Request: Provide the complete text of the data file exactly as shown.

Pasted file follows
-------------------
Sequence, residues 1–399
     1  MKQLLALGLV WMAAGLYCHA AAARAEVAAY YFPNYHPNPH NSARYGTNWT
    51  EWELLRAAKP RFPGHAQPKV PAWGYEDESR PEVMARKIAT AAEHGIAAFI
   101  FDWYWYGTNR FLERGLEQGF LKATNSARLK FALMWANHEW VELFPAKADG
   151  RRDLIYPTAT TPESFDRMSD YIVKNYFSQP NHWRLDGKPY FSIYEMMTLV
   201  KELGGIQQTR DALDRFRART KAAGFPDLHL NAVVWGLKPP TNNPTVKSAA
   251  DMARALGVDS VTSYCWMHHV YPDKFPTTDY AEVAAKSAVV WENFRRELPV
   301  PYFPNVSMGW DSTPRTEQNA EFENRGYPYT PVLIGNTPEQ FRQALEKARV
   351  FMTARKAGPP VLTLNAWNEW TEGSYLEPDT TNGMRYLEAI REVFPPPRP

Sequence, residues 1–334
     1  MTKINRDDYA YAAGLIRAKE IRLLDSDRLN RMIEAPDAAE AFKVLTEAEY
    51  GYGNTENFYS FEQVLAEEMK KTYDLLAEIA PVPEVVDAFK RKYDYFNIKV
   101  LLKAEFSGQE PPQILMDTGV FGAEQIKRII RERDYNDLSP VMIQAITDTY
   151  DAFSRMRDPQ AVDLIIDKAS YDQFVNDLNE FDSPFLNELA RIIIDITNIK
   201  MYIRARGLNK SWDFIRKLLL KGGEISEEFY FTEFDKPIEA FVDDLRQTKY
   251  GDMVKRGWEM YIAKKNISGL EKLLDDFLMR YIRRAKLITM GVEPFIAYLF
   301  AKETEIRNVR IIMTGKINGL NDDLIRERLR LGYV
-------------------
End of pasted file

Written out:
Sequence, residues 1–399
     1  MKQLLALGLV WMAAGLYCHA AAARAEVAAY YFPNYHPNPH NSARYGTNWT
    51  EWELLRAAKP RFPGHAQPKV PAWGYEDESR PEVMARKIAT AAEHGIAAFI
   101  FDWYWYGTNR FLERGLEQGF LKATNSARLK FALMWANHEW VELFPAKADG
   151  RRDLIYPTAT TPESFDRMSD YIVKNYFSQP NHWRLDGKPY FSIYEMMTLV
   201  KELGGIQQTR DALDRFRART KAAGFPDLHL NAVVWGLKPP TNNPTVKSAA
   251  DMARALGVDS VTSYCWMHHV YPDKFPTTDY AEVAAKSAVV WENFRRELPV
   301  PYFPNVSMGW DSTPRTEQNA EFENRGYPYT PVLIGNTPEQ FRQALEKARV
   351  FMTARKAGPP VLTLNAWNEW TEGSYLEPDT TNGMRYLEAI REVFPPPRP

Sequence, residues 1–334
     1  MTKINRDDYA YAAGLIRAKE IRLLDSDRLN RMIEAPDAAE AFKVLTEAEY
    51  GYGNTENFYS FEQVLAEEMK KTYDLLAEIA PVPEVVDAFK RKYDYFNIKV
   101  LLKAEFSGQE PPQILMDTGV FGAEQIKRII RERDYNDLSP VMIQAITDTY
   151  DAFSRMRDPQ AVDLIIDKAS YDQFVNDLNE FDSPFLNELA RIIIDITNIK
   201  MYIRARGLNK SWDFIRKLLL KGGEISEEFY FTEFDKPIEA FVDDLRQTKY
   251  GDMVKRGWEM YIAKKNISGL EKLLDDFLMR YIRRAKLITM GVEPFIAYLF
   301  AKETEIRNVR IIMTGKINGL NDDLIRERLR LGYV